The SAHRC has sponsored workshops on draft legislation to promote "open and accountable government" including the constitutionally required Promotion of Access to Information and Administrative Justice Acts, during their preparation. It has made submissions to parliament on a range of other legislation affecting human rights issues. The commission has also examined areas related to the failure of the criminal justice system to protect the rights of particularly vulnerable groups of people in South Africa. Following on from the poverty hearings in early 1998, the SAHRC held hearings in August and November 1998 in the Messina area of Northern Province about abuse of farm workers in the region. In February 1999 it released a report in which it referred several cases to the provincial director of public prosecutions for further action.

    In conjunction with the law clinic and Centre for Applied Legal Studies at the University of the Witwatersrand and the nongovernmental organization Lawyers for Human Rights, the SAHRC conducted an investigation into the circumstances of arrest and conditions of detention at the Lindela repatriation camp, a private facility used by the Department of Home Affairs to hold undocumented migrants before their deportation, using law students to carry out a large number of interviews on which the final report was based. The report concluded that the interviews "provide compelling evidence of the unnecessary and unlawful suffering which current enforcement procedures are exacting on foreigners and South Africans alike."230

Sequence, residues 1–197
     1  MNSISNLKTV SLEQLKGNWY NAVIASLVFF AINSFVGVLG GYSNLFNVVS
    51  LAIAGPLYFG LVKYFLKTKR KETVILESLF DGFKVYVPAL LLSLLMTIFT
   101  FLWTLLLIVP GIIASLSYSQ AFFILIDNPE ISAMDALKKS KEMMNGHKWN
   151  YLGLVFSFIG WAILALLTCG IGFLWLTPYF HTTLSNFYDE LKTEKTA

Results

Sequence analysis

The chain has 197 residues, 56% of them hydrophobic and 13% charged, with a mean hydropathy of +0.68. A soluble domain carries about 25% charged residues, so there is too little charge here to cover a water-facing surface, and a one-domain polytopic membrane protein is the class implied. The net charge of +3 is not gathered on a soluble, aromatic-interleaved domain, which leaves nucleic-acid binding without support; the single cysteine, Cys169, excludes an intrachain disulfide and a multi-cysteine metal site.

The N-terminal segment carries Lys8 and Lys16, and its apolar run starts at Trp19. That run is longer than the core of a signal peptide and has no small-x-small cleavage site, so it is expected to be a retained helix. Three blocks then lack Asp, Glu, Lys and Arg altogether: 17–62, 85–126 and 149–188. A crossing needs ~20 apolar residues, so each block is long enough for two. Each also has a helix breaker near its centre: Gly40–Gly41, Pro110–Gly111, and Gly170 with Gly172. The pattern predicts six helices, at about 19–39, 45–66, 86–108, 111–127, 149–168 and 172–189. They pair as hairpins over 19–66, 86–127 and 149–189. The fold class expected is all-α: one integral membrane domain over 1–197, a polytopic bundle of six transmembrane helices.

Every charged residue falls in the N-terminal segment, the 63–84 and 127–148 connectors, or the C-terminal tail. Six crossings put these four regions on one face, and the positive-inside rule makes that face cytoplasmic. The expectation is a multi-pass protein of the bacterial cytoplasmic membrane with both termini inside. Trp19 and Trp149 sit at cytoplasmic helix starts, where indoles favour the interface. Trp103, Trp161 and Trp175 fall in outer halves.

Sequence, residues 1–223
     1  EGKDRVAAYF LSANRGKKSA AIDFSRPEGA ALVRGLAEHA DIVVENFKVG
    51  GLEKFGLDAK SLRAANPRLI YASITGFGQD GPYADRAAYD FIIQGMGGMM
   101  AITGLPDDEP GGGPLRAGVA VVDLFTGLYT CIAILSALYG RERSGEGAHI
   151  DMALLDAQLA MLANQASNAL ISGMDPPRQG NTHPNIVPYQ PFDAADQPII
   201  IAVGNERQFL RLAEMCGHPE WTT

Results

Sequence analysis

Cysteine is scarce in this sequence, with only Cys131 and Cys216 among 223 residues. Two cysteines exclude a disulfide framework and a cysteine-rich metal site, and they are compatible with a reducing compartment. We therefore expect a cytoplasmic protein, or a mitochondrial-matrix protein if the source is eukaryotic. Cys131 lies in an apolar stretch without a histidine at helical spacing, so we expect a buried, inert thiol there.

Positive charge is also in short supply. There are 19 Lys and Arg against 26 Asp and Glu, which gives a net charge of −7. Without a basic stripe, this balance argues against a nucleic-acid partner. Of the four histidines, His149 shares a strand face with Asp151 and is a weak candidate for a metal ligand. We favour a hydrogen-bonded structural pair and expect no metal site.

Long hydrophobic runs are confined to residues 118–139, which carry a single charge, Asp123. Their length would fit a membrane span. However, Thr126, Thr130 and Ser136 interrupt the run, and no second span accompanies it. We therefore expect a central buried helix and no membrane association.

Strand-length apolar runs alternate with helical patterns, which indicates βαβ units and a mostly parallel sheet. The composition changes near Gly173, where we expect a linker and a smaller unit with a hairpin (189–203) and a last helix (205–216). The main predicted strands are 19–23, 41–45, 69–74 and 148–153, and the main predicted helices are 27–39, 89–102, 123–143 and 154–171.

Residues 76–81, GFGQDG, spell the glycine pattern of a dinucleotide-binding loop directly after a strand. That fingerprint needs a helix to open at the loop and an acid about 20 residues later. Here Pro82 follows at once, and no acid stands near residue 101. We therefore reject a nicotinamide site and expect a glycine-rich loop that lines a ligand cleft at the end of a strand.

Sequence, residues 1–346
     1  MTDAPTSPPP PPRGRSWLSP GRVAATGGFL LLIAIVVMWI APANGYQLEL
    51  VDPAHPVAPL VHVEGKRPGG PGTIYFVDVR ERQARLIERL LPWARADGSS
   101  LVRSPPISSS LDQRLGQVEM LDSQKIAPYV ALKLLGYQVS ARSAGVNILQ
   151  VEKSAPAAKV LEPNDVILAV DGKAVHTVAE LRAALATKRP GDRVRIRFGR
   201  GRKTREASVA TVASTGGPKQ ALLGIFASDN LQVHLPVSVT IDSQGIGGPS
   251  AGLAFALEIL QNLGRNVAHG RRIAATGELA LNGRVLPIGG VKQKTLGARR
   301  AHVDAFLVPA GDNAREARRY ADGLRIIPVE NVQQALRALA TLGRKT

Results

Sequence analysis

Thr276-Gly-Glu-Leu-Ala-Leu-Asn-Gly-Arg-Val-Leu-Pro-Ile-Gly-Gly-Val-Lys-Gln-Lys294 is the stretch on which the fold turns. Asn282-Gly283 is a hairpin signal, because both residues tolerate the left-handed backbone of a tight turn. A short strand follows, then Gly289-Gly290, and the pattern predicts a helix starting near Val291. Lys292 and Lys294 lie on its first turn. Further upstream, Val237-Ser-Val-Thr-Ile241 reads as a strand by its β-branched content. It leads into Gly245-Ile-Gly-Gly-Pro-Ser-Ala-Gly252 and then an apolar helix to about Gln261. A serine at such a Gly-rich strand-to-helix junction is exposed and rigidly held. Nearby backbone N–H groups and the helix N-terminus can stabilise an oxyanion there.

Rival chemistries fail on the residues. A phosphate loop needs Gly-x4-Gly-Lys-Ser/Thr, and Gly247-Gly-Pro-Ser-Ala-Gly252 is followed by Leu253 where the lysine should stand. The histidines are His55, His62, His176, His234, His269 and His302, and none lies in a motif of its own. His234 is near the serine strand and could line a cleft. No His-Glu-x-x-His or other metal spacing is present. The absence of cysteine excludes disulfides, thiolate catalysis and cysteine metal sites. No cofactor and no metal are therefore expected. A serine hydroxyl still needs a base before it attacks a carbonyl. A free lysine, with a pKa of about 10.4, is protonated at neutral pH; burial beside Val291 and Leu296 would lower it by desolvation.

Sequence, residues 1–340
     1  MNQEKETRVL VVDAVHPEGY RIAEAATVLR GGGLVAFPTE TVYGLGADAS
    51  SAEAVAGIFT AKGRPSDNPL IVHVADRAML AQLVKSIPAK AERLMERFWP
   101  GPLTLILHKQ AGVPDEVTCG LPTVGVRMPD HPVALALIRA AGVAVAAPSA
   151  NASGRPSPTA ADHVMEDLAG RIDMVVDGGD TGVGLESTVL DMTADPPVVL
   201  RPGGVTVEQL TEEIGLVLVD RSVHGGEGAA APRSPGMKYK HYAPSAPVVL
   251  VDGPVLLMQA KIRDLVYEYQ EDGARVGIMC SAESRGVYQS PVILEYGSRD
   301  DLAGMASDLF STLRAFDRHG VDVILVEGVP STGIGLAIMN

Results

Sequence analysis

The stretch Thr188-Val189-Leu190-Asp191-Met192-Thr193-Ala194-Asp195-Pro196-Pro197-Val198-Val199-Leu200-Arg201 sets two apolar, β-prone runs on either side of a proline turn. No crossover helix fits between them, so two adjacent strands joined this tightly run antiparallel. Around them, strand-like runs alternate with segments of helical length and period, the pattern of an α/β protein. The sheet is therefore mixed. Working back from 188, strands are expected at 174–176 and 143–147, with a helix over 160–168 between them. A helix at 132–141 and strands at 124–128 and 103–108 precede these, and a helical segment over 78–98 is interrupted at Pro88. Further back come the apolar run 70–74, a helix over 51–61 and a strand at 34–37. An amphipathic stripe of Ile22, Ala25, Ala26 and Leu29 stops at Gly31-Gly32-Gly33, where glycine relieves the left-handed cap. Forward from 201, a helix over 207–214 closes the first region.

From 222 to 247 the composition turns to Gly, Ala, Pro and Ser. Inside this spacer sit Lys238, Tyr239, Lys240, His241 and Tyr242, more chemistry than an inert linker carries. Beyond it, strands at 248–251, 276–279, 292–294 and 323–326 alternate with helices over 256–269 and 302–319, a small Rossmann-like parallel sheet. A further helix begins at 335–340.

Following the killing of three foreigners on a train in September 1998, the commission convened a conference on xenophobia the next month. The conference adopted a statement calling for a public awareness campaign, with the aim of reducing violence against foreigners and improving police response. The commission has maintained its focus on this issue, chairing the National Consortium on Refugee Affairs (NCRA), which brings together NGO, regional refugee coalitions, the Department of Home Affairs and international agencies such as UNHCR. The commission took the lead in developing a training manual for immigration officers, as well as developing a national plan of action on xenophobia titled "Roll Back Xenophobia 1999." The emphasis on abuse of migrants and the development of an effective policy on migrants should be strengthened by the appointment of Zonke Majodina, responsible for developing a master's program in forced migration at the University of the Witwatersrand, as a part time commissioner from August 1999.